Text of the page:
Star Wars games: the good, the bad, and holy shit Andrew loved Rebellion
So EA has a lock on the core Star Wars games moving forward, and we're…not exactly happy about it. One of the strengths of Star Wars as a licensed property in the world of video games is how many developers and publishers were given the chance to take a crack at the world and to do something different with it. Everything from real-time strategy to RPGs, MMOS and first-person shooters. Has there been a genre that hasn't enjoyed a Star Wars game?
Still, when I think of Star Wars games, my mind goes back to college and playing on Jedi Academy dueling servers. We took turns, jumped into the middle, bowed to our opponents, and no one used force powers. The lightsaber combat system in that game remains one of the high points of bladed combat in any game, much less Star Wars. I think it's amazing that no one has ripped off that system for a more modern game, especially with the different stances and the multiple strategies attached to each one.
Remember that crazy mod where you could spawn in multiple enemies and fight them one after the other while Prodigy's “Smack my Bitch Up” played in the background? I spent hours with that thing.
Shadows of the Empire was also one of my favorite early N64 games. The Hoth level was brilliant, we were introduced to Dash Rendar, and the graphics were pretty intense for the time. I think I had rented the game from a local Blockbuster, and I never actually bought it, I just kept renting it until I had seen everything there was to see, over and over.
Andrew, I'm going to kick it to you: when I say Star Wars in video games, what's the first thing that comes into your mind?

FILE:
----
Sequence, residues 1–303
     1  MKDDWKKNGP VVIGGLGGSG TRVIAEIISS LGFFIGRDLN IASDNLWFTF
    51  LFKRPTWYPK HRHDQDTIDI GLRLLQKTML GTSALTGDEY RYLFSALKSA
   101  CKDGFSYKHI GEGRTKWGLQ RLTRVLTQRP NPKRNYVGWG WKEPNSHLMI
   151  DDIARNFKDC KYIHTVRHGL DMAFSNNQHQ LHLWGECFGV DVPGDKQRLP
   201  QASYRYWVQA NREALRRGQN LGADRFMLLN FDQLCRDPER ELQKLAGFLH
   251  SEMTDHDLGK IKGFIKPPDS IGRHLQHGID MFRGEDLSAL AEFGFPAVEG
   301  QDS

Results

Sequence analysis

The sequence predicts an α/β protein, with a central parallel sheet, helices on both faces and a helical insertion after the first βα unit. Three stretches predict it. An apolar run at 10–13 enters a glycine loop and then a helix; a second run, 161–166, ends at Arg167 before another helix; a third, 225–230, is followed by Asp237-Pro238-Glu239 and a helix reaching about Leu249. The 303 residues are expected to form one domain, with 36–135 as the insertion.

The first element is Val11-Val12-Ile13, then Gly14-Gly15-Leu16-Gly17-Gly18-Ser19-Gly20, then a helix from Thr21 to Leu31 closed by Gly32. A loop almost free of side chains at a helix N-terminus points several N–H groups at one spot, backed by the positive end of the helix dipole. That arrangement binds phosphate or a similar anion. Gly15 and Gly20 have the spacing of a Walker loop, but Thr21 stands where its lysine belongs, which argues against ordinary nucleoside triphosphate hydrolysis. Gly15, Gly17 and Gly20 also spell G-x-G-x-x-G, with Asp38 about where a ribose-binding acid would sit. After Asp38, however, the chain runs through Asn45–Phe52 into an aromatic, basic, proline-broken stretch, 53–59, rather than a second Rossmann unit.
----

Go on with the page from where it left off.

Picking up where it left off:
The very first thing I think of? Star Wars: Rebellion. It's not the most well-known game in the Star Wars video game library, but it's basically Star Wars: Total War. I found out later in life that Rebellion was considered an awful strategy game, but I couldn't have cared less at the time.
The core gameplay of capturing planets with Mon Calamari Cruisers and battling in deep space with Corellian Corvettes staffed by the heroes of the rebellion was immensely engaging to a pre-teen Star Wars geek like me who fancied himself an intellectual. You needed to be very studious to get anything done in that insanely complicated game. I still remember the game manual. It was the size of a small novel.
It proved to be a pretty frustrating game though. I don't think I ever once won a campaign. It didn't matter though, since I was a bit too young to be concerned with a “terrible user interface” or “zero possibility of victory.” I was entirely too focused on building Death Stars and destroying Death Stars.
I could jabber on about Star Wars games for hours though. Somehow most of my Star Wars game memories are nice ones. Even when the game was terrible. Are there any games that stick out to you as being miserable experiences?
Well, when I was teeny-tiny I remember playing the Atari Star Wars game and trying to take down the AT-ATs. I'm sure I would hate it now, but back then that game was magical. Especially as children, Star Wars just seemed like a great world, and I think we were willing to put up with a lot of crap to feel like we could jump in and play around in that sandbox, even in small ways.